Disturb such a peace as Geneva had known! It must have seemed absurd to their honours. The real disturbers were already in council under the wing of the church. At the house of the grand vicar, de Gingins, were gathered the clerical strength of the Bomish party. That challenge of Farel,—"I will prove by the word of God," was a terror to them. "If we discuss," said they, "all our office is at an end." They liked not the weapons. The priests had others. They carried arms under their gowns. It was proposed to use them. Sister Jeanne de Jussie knew of the plot. The council would entrap the preachers by asking for a disputation. '' Having deliberated to kill Farel and his companion," says an old manuscript, "they found, the best means of getting them to come would be to invite them to a debate." The conspirators agreed that Farel was never to go alive out of the vicar-general's house; but, first of all, they must get him to enter it. The bishop's secretary, Machard, was deputed to summon the preachers and the schoolmaster to retract or to explain before the council what they had preached at the inn.

The plot was whispered. The Huguenots in the town-hall grew suspicious, and sent the two chief magistrates to go with the bishop's secretary. These three Genevans went to the Tour Perce and met the three reformers. Machard invited them to retract the doctrines they had taught.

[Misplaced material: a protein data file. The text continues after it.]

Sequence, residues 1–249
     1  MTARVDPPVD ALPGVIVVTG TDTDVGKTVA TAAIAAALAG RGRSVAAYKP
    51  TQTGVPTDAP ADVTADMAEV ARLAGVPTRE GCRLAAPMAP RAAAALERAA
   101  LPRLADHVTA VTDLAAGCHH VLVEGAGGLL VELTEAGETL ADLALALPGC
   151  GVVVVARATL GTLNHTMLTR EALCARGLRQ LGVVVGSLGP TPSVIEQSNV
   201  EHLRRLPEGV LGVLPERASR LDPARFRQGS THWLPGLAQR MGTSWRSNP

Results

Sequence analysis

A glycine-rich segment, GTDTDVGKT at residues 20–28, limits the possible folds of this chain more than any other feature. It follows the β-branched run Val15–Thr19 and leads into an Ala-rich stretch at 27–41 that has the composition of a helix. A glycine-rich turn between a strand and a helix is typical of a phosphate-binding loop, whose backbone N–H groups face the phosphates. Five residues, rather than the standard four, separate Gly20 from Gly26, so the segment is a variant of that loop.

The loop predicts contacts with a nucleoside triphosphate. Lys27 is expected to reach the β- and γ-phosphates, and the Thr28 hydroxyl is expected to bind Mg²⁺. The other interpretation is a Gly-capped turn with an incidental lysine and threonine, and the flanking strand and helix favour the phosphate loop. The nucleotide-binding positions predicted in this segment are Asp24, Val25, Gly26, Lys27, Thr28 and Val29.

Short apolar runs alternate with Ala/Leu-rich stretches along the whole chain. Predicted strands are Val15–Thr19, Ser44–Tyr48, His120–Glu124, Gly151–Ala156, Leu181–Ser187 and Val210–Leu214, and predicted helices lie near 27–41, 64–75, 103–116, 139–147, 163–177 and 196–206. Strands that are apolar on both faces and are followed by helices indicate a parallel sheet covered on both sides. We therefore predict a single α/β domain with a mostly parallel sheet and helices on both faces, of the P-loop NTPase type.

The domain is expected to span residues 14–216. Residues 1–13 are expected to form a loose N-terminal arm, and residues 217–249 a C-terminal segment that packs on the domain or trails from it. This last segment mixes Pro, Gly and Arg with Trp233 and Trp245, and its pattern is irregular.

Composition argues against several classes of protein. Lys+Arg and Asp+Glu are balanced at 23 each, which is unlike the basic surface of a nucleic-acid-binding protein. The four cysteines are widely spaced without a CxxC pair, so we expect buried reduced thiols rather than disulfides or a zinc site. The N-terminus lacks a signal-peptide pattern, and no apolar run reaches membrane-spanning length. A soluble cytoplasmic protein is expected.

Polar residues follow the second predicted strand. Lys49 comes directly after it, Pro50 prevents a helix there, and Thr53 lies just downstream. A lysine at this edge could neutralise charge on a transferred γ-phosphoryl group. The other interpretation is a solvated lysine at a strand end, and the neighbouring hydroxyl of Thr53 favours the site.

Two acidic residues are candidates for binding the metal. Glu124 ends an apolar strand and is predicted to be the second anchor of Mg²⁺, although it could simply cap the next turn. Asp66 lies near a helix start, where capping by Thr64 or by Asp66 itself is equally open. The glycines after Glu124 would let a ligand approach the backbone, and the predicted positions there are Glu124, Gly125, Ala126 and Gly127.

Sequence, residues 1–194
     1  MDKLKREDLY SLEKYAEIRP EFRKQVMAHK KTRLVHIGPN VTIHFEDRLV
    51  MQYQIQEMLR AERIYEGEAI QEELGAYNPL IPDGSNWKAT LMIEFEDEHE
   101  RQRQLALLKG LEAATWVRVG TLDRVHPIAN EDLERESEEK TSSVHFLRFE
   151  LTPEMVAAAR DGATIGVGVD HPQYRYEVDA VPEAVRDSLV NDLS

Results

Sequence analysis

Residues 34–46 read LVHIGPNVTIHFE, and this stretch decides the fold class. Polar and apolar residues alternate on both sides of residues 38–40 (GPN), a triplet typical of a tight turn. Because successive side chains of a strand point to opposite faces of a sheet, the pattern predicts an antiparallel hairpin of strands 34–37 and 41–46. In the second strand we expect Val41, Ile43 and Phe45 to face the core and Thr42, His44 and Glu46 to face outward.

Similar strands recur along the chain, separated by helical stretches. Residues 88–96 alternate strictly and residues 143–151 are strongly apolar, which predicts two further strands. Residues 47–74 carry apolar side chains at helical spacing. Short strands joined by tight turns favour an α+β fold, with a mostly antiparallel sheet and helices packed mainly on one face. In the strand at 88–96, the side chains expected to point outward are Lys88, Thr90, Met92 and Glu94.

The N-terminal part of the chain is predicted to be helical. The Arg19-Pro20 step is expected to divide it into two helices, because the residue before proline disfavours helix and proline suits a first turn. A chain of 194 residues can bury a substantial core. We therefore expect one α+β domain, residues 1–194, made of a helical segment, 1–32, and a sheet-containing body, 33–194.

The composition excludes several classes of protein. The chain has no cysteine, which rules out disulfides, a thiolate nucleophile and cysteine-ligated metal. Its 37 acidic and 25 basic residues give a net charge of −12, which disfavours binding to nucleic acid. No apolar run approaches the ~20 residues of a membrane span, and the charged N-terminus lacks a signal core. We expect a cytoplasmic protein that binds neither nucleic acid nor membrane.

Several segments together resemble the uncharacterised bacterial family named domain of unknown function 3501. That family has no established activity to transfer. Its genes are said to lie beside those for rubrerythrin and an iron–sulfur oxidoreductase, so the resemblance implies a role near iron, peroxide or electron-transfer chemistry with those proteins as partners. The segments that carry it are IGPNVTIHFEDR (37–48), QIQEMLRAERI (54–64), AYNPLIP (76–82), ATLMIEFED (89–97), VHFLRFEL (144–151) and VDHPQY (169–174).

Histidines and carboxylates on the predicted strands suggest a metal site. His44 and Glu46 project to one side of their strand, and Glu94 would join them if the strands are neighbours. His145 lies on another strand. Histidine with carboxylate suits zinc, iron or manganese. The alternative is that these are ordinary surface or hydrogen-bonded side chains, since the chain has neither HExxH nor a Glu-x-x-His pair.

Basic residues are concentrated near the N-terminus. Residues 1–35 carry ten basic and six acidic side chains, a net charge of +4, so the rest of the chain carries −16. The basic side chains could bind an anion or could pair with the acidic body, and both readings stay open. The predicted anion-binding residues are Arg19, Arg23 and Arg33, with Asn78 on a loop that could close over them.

"We affirm these doctrines in the strongest way possible," said Farel, "and again offer to die if we cannot prove them by Scripture."

"In that case," said the secretary, "come before the Episcopal council, to discuss with the priests and maintain what you have declared.''

"No harm shall be done to you," added the two magistrates. "We pledge our word to it." The preachers were delighted with this opportunity of announcing the gospel, and, with Olivetan, they set out, not expecting any danger.

Already was there a suspicious-looking group in front of the Tour Perce. While the upper house of the clergy was sitting at the vicar's, the lower house had met in the streets. The armed curates and chaplains had watched the messengers going to the inn, and guessed what it meant. They gathered their followers, particularly the women and the rabble. When the three Genevans with the three reformers passed, they fell in the train. "Look at the dogs," said they, with coarse jeers and threats.